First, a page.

The Marshalls played a significant role in landscaping the estate, introducing formal gardens and exotic trees. Trails were laid out in the woodlands, including a wilderness walk. The landscape, once carefully designed, now retains remnants hidden within the overgrowth of Portugal laurel, rhododendron, sycamore, oak, and birch.

The estate passed through several generations of Marshalls, with the last family occupant being William Hibbert, who passed away in 1929. Following his death, the estate was put up for sale, with its contents auctioned in 1934. In 1937, it found a new owner in F.C. Scott, although the house saw various occupants during World War II, including evacuees and the military.

After the war, Rowland Lishman, a Tyneside businessman and devoted member of the North Shields YMCA, purchased the estate in 1950. Lishman’s vision was to provide affordable holiday accommodation, primarily for urban youth, allowing them to experience the unique beauty of the Lake District. The estate was entrusted to the Tynemouth YMCA, with management transferring to the North Shields YMCA in 1988. Today, the estate encompasses the hall, self-catering holiday homes, a working hill farm, and picturesque woodland and gardens.

In the mid-1950s, the YMCA began using Patterdale Hall as a base for outdoor pursuits and appreciation of nature. Oxfordshire County Council later leased the hall, setting up a residential base for young people from Oxford. In 1995, Bolton School took the reins, using the site for their Outdoor Pursuits Curriculum.

In 2014, Bolton School became the proud owner of Patterdale Hall, and it continues to serve as a hub for adventure learning, extracurricular activities, and educational experiences. The hall welcomes various groups for residential and outdoor learning opportunities when not in use by Bolton School.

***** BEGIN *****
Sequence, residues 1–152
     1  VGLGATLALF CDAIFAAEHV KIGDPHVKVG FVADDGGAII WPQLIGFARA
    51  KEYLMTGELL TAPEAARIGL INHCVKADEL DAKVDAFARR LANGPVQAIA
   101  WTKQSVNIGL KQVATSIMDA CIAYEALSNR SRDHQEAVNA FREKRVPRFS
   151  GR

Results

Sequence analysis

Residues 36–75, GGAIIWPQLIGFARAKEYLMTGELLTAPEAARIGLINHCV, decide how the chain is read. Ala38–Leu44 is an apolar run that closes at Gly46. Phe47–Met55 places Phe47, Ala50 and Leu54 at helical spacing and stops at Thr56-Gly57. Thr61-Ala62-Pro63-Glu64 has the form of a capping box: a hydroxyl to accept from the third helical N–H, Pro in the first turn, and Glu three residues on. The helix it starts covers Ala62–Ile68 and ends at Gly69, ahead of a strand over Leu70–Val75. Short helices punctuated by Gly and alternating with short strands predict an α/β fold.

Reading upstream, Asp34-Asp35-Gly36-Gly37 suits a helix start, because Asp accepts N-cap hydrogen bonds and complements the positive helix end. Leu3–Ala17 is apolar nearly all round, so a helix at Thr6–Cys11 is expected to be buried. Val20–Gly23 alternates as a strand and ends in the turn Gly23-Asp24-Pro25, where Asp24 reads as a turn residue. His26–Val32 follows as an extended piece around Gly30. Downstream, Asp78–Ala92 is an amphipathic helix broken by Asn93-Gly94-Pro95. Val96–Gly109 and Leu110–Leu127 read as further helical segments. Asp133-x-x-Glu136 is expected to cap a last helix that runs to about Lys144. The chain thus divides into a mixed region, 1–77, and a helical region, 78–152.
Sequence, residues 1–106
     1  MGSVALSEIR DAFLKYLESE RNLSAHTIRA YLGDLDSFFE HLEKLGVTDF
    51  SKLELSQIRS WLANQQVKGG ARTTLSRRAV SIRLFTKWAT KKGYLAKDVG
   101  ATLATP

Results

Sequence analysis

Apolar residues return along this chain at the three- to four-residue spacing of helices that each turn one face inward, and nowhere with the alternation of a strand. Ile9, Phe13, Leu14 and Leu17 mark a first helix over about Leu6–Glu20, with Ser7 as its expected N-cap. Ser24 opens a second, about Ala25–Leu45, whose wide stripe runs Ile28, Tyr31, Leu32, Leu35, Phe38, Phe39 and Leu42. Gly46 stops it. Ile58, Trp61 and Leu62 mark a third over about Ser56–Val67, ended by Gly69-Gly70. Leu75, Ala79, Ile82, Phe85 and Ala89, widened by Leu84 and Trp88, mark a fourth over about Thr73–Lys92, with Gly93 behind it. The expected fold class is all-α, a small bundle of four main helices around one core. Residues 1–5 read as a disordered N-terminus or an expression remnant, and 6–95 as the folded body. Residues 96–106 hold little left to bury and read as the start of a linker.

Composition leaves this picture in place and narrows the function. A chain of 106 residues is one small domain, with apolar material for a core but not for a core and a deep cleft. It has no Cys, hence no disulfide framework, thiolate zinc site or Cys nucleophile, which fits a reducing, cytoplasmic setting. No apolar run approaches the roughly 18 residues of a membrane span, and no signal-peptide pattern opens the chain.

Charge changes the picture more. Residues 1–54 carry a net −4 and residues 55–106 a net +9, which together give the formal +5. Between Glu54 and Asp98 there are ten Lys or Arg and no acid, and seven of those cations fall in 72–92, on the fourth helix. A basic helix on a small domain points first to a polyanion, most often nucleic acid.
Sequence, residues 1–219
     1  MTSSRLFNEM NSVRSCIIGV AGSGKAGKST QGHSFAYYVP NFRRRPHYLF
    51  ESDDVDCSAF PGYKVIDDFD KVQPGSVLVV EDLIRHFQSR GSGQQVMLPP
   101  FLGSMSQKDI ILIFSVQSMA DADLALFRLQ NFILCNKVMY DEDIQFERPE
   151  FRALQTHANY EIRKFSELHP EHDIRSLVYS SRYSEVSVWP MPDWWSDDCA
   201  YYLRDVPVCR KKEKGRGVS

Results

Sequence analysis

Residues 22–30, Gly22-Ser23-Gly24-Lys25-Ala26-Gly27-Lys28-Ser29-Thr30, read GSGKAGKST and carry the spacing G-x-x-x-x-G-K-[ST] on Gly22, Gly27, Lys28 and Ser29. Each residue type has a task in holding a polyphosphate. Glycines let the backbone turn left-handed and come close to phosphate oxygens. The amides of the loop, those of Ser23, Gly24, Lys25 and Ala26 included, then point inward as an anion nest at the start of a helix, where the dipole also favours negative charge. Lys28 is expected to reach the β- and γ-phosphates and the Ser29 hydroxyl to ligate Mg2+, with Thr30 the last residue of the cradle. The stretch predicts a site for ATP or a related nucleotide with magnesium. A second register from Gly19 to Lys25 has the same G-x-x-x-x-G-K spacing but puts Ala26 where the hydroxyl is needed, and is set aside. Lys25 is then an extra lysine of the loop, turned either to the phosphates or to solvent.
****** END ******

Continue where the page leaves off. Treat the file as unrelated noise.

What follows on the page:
“We loved our outdoor learning sessions at Patterdale Hall. We had to get our feet wet to push the boat in and some people even jumped in for a desperate attempt to get the ball and score a point for their team. This activity demonstrated teamwork, determination, socialising and a bit of friendly competition.”

Megan Leigh, 8D


“I have worked at Patterdale Hall for almost 13 years. Every day when I drive down the side of Lake Ullswater, I have to pinch myself over how lucky I am to work in such a beautiful setting, and at this time of year with all the autumn colours, that’s even more prevalent. The work I do is varied, one day I may be preparing budgets and planning for future school visits, another, changing beds, cleaning rooms or instructing across a range of outdoor activities. With the amazing support of Bolton School, the future of Patterdale Hall is secure and we will see many 1000’s more young people benefit in the future.”


 Tim Taylor, Manager of Patterdale Hall

Patterdale Hall’s rich history and continued service as an educational haven stand as a testament to the enduring legacy of this historic site. As Patterdale Hall continues to evolve, it remains committed to providing students with unforgettable outdoor experiences and life skills that they carry with them long after they leave Bolton School. The journey through time, from a private holiday home to a cherished educational institution, is a testament to the enduring importance of experiential learning in the heart of nature.

Patterdale Hall’s history reflects the core values of Bolton School: education, curiosity, and independence. It stands as a reminder of the power of the great outdoors to inspire and shape young minds for generations to come.

 By Mariam Atbouli